Listened to The Four-Hour Work Week

Monday March 14, 2011

The Four-Hour Work Week
Timothy Ferriss

I got this as an audiobook in anticipation of keeping my eyes closed for a long time after getting LASIK on Saturday. Turns out they wanted me to keep my eyes open mostly, and just do a lot of blinking. Whatev. Still listened to it over the weekend.

Here's the secret of the four-hour work week: start a business selling something, outsource almost everything (manufacture, shipping, customer service, everything) and just take the profit. So I guess it's not much of a secret; if you start a successful business then the rest is easy. He claims his method works for employees to, and advocates arranging to telecommute and then be wildly efficient so that it doesn't take much time. So if you can do a full week's work in four hours, again, no problem.

It does have some fairly neat ideas, to be sure. There may be a time when I want to hire a personal assistant in India or whatever. That time is not now, but heh.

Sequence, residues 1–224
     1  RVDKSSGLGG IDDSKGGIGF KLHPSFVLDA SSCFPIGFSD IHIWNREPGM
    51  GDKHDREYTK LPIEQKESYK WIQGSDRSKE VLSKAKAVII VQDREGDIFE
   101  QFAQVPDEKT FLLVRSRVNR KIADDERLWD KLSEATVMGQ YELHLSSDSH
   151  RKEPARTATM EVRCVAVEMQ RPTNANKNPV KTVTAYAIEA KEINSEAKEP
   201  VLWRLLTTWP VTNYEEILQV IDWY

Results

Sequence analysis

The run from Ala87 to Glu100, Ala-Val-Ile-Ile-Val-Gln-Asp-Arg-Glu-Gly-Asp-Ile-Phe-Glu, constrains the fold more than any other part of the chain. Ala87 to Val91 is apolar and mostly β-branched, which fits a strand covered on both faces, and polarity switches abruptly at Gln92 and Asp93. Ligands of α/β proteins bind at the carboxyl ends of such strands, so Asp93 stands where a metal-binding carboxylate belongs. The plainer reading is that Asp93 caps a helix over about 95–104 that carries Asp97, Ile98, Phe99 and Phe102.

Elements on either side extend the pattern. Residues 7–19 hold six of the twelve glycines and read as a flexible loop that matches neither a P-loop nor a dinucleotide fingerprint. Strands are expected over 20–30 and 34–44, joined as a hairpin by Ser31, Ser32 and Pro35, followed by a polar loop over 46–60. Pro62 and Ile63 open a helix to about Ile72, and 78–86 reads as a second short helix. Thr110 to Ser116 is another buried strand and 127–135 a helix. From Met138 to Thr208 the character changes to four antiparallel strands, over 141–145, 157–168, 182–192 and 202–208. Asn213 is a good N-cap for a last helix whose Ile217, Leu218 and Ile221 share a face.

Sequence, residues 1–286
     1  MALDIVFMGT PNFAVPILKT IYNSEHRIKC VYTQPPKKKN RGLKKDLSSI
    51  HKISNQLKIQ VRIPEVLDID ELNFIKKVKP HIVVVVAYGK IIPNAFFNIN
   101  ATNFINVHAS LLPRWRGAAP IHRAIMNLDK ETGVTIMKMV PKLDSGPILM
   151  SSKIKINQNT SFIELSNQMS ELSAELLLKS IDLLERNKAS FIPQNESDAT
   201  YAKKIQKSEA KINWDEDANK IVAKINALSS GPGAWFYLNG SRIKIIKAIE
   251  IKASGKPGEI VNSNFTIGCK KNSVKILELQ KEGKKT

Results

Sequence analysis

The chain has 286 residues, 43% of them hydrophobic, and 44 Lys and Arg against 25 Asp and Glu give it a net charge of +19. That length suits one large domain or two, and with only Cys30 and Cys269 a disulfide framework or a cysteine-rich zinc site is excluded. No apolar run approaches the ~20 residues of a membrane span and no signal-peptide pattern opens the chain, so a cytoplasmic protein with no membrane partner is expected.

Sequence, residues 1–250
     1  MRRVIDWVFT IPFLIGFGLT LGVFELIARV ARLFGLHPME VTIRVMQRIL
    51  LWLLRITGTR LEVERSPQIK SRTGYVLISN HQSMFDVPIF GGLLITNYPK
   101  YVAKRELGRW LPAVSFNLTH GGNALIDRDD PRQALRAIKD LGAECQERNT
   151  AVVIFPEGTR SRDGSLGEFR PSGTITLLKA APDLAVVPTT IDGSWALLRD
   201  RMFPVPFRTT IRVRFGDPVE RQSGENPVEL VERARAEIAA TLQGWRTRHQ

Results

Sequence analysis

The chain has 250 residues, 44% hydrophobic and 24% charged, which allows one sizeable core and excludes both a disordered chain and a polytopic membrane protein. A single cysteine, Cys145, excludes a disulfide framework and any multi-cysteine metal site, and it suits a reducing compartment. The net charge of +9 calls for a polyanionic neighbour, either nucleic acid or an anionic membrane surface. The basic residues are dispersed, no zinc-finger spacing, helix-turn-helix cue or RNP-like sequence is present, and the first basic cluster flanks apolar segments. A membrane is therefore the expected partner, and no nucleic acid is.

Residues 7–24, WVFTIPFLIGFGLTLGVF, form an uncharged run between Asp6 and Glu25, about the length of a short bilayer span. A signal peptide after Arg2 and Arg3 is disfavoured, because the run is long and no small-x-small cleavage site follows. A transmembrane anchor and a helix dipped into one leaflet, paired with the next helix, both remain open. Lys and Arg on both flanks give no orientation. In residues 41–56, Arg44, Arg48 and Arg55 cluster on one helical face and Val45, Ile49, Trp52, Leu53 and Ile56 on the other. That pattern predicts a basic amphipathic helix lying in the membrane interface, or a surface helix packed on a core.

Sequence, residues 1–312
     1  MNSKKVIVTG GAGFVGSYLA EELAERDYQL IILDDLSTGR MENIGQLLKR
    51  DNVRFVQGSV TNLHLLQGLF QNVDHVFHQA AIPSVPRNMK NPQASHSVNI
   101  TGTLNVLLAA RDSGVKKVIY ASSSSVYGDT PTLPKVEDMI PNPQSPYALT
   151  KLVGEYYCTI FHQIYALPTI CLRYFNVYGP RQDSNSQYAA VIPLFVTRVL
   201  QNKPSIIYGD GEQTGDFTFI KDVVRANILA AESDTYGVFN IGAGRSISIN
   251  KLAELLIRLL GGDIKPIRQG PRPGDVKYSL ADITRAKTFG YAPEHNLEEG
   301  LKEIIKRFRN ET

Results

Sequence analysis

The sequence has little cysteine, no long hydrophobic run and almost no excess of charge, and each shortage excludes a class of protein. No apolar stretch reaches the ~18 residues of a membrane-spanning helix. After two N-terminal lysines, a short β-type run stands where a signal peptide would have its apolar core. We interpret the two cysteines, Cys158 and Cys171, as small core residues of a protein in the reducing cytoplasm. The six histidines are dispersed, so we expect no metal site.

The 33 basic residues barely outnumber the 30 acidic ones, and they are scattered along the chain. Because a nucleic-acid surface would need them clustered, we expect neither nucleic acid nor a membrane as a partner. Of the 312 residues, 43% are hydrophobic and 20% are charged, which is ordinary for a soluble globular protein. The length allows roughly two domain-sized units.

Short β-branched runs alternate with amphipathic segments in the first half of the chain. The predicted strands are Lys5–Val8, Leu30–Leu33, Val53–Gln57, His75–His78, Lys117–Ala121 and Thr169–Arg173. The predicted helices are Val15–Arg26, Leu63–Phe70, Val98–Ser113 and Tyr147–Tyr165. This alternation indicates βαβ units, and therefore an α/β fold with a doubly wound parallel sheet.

After listening to the abridged Four-Hour Body, I got this book unabridged. Problem: that includes the lists of references at the end of nearly every chapter. It is so boring listening to the guy go "double-u double-u double-u" four million times in a row. "forward-slash ess forward-slash"... Not good for the audiobook format.

In the end it's kind of slap-dash entrepreneurism, with one issue being that for you to have the four-hour work week lifestyle requires a slew of people working normal lots-of-work jobs. And in my case, there's really no way to change the nature of my teaching job to require less time. I have to be physically there leading the class - that's the whole point of the job. So while I may consider using some of he tactics in the future, Ferriss's approach seems largely to be about gaming the system, and almost feels somehow unethical.

Actually, I think my gut feeling is more like this: Ferris is just kind of a shmuck. He's just interested in doing things, not in doing them well, or right. I get that impression watching video of him. I get that impression of him writing about "conversational fluency" in language learning. I get that impression reading about how he won a martial arts competition by gaming the rules, not by being really skilled. So while I admire a lot of what he's accomplished, I don't know if I could really say that I want to be like him. I do want to be more jump-in-and-try-without-fear-of-failure like him, but it seems like he exaggerates his accomplishments too much without really being all that substantial. He reminds me of some people I used to work with.

Pretty cool ideas about travel though. Advice I'd like to take there.

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